Men are fair game for women. While sexism from men is the outstanding social crime of the modern world, women can say absolutely whatever they like about us.

For make no mistake: sexism is alive and well in this country and applauded in all quarters — as long as it is practised by women. And they are allowed to say the most terrible, terrible things.

How to be Civil

by Leveret

Via Diane Ellis we have George Washington’s ‘Rules of Civility & Decent Behavior in Company and Conversation’ – a long list compiled by the second Cincinnatus, by derived from the writings of French Jesuits, of how to behave towards others.

The full, modernised list after the jump.

Continue reading

Re: Is there some objectivity in music and art?

by Leveret

A few people have asked me what the below picture, featured in my post about the objective quality of art, was:

It’s My Bed, a conceptual ‘work’ by Tracey Emin. The content of My Bed is the artist’s unmade bed replete with sheets stained by bodily discharges and littered with used prophylactics, underwear stained by menstrual bleeding and empty booze bottles. Continue reading

American attempts to divine political lesson from the Ashes

by Leveret

See Cricket and Political Correctness in the AmSpec blog.

I’m not persuaded by the probative value of this little parable actually – it’s pretty weak and the connexion between the Ashes and the author’s thesis is pretty weak.

And, as one commenter pointed out, 10 of the 11 players in the 2005 England team went to state schools.

NEVERTHELESS this is worth reading because it is always so fascinating to see Americans try to explain cricket.

Why do we like music?

by Leveret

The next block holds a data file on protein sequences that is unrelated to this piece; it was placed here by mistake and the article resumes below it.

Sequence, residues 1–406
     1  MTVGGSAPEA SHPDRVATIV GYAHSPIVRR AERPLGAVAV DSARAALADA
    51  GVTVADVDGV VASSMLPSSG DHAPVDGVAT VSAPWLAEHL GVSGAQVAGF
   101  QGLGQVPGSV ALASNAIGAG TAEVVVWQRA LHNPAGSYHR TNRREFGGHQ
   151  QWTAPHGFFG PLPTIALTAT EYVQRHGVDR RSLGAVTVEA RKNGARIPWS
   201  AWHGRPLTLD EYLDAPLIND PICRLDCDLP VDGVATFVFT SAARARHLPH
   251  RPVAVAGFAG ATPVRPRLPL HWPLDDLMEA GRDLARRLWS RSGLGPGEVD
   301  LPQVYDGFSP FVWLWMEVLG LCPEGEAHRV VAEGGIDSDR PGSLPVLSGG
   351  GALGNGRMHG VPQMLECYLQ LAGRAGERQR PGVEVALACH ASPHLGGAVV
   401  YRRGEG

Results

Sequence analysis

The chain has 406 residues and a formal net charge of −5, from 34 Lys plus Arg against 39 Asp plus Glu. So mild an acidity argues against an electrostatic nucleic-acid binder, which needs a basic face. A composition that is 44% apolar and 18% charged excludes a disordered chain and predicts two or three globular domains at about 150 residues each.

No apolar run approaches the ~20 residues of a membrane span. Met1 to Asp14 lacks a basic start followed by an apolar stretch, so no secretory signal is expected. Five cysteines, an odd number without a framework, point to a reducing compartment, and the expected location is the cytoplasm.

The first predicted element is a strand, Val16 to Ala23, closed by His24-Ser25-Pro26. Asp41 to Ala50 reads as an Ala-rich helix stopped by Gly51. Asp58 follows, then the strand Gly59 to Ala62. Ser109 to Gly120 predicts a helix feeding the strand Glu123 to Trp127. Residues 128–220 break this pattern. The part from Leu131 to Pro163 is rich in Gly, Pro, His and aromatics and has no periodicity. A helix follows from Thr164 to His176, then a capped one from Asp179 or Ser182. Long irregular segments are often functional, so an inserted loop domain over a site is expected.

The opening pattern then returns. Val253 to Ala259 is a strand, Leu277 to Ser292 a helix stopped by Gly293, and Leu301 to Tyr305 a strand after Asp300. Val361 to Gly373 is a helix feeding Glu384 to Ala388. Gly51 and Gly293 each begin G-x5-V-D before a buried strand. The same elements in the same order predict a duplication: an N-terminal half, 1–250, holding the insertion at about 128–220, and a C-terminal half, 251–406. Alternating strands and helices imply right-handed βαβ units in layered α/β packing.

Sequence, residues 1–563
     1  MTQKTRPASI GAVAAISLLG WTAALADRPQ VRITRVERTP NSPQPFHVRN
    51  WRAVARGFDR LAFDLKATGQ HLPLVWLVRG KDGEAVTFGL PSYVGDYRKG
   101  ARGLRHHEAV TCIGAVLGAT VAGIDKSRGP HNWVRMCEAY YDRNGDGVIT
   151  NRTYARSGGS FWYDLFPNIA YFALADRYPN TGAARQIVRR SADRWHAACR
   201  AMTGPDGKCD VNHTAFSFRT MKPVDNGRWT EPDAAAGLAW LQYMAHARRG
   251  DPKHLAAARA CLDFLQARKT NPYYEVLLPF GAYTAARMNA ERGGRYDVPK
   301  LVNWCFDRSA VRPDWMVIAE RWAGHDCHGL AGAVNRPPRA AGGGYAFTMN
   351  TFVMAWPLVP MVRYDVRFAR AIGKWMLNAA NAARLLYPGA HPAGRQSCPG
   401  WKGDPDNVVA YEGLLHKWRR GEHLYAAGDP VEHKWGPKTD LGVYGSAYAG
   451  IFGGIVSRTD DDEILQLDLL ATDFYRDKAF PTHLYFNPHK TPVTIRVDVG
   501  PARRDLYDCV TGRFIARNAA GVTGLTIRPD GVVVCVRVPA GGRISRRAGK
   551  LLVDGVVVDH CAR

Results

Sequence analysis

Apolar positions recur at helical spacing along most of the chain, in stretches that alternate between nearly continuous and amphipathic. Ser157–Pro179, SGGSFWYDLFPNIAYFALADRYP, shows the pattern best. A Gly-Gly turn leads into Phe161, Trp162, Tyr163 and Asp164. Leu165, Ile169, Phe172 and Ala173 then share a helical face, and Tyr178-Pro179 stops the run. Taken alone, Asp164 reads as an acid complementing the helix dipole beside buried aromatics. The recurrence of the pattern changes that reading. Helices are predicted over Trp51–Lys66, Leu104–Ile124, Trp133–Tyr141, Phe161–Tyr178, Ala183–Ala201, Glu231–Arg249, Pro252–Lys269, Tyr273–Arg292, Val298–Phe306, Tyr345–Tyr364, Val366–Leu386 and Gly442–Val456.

Our recent discussions about scientism and logical positivism remind me of something I have been thinking about for a long time. What is the empirical basis for admiring beauty? In recognizing the beauty of other humans, the answer is easy – the things that we look for (symmetry, good skin etc) are markers of good physical health and good genes.

What, however, is a comparable basis for our appreciation of music? Continue reading

The Arizona Massacre

by Leveret

Too many pixels have been devoted to deconstructing the fatal shooting in Tucson, Arizona. Probably the best take was George Will’s:

It would be merciful if, when tragedies such as Tucson’s occur, there were a moratorium on sociology. But respites from half-baked explanations, often serving political opportunism, are impossible because of a timeless human craving and a characteristic of many modern minds.

The craving is for banishing randomness and the inexplicable from human experience. Time was, the gods were useful. What is thunder? The gods are angry. Polytheism was explanatory. People postulated causations.

And still do. Hence: The Tucson shooter was (pick your verb) provoked, triggered, unhinged by today’s (pick your noun) rhetoric, vitriol, extremism, “climate of hate.”

(whole thing here)

It was as predictable as it was disappointing that, without a scintilla of evidence, the Fourth Estate would exploit the tragedy to attack their hated enemies such as Palin, Beck and all those vitriolic enough to disagree with liberalism.

An excellent take down of the media from a newly discovered, but excellent blog Verum Serum here. Disgusting.

Anima eius et animae omnium fidelium defunctorum per Dei misericordiam requiescant in pace.